Take everything you have ever heard, read, or seen about cover letters and throw it out the window! That's right, 99% of the information written about cover letters is useless. Contrary to some of the more fashionable books on job search, no one ever got a job because of a great (or "perfect") cover letter. Cover letters are extremely limited in value, even when properly used. But they do have their place, when used properly.
Why are cover letters limited in value? Three reasons. First, most people assume that their cover letter is actually read before the resume. Wrong. Just ask those who spend any portion of the work day reviewing resumes—they bypass the cover letter and go directly to the resume. They only look at the cover letter if they are still interested after their initial resume review. In my review of more than 100,000 resumes over the past twenty plus years, I have probably read less than 10,000 cover letters. It is actually rather amusing to watch a Hiring Manager reading a newly arrived resume. The cover letter is ignored and the resume is scanned first, then read. And you know there is interest if they finally make their way back to the cover letter.
Second, most people assume that the cover letter should be about you. Wrong again. It should be about the employer, your prospect, your target. Your resume will tell them everything they need to know about you (if it is well written). If you are interested enough in the company to make an initial contact, take the time to fully reflect your understanding of the company and how you may be able to meet their needs in your cover letter.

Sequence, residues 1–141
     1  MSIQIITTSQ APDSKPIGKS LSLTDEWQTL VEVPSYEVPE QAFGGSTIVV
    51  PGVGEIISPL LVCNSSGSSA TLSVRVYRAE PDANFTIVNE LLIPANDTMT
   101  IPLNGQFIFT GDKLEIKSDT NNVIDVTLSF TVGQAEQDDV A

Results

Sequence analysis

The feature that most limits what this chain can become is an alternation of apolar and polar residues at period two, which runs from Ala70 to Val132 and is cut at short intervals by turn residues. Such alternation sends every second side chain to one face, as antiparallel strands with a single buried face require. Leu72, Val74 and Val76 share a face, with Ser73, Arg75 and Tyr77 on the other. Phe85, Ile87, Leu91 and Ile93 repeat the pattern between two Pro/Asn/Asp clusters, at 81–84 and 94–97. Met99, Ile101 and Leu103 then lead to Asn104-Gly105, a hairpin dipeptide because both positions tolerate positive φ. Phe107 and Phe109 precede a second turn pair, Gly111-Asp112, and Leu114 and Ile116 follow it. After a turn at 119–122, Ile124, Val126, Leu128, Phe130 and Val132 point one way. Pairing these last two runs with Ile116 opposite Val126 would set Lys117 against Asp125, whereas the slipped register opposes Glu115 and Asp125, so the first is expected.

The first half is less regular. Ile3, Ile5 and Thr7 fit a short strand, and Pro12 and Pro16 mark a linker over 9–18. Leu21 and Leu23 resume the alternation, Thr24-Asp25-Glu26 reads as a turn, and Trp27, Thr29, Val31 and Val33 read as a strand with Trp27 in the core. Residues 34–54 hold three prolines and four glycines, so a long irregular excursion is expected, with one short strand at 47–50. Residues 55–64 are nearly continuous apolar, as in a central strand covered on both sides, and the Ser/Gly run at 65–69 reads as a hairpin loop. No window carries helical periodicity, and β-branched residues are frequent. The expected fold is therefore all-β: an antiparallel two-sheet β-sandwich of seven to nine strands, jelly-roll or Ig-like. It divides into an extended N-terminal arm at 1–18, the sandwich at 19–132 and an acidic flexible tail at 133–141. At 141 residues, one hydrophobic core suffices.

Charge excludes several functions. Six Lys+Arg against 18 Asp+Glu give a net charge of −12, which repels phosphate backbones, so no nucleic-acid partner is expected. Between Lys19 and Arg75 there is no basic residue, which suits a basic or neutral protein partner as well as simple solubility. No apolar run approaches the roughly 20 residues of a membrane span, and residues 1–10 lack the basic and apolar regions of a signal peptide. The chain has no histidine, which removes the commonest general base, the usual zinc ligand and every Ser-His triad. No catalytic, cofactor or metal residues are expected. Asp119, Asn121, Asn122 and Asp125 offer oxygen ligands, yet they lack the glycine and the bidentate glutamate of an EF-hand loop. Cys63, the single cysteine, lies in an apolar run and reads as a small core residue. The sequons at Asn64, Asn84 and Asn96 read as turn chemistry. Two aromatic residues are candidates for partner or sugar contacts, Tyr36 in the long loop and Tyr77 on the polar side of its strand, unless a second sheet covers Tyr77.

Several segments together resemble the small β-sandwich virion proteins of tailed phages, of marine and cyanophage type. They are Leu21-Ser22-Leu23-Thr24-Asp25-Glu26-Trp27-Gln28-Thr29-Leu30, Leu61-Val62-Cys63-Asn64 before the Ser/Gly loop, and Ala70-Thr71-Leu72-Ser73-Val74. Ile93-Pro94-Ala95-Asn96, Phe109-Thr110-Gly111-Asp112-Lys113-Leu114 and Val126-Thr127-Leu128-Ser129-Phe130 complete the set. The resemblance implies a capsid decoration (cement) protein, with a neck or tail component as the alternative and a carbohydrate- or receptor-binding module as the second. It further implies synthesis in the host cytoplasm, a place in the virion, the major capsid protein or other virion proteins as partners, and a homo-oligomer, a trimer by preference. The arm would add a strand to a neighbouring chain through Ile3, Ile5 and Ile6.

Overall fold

Third, and most important, many college students end up using their cover letter and resume as part of a mass mailing/emailing/posting to convince themselves that they are actually doing something in their job search. "But I submitted over two hundred resumes!" In reality, all they are doing is generating rejection letters. Mass mailing/emailing/posting of your cover letter and resume has extremely low odds for success in today's job market.
Please understand that at the entry level a resume and cover letter on their own do little good. Most larger companies have established college recruiting programs which serve as the focal point for their entry level hiring. Therefore, unsolicited entry level resumes are often ignored. Many small and medium-sized companies do not have the internal resources necessary to train entry level hires, so the entry level resumes are simply filed in the virtual trash can (i.e. internal resume database/ATS) . The best you can hope for in a blind mailing/emailing/posting campaign is that you will be filed away and perhaps miraculously resurrected at some future date. Highly unlikely.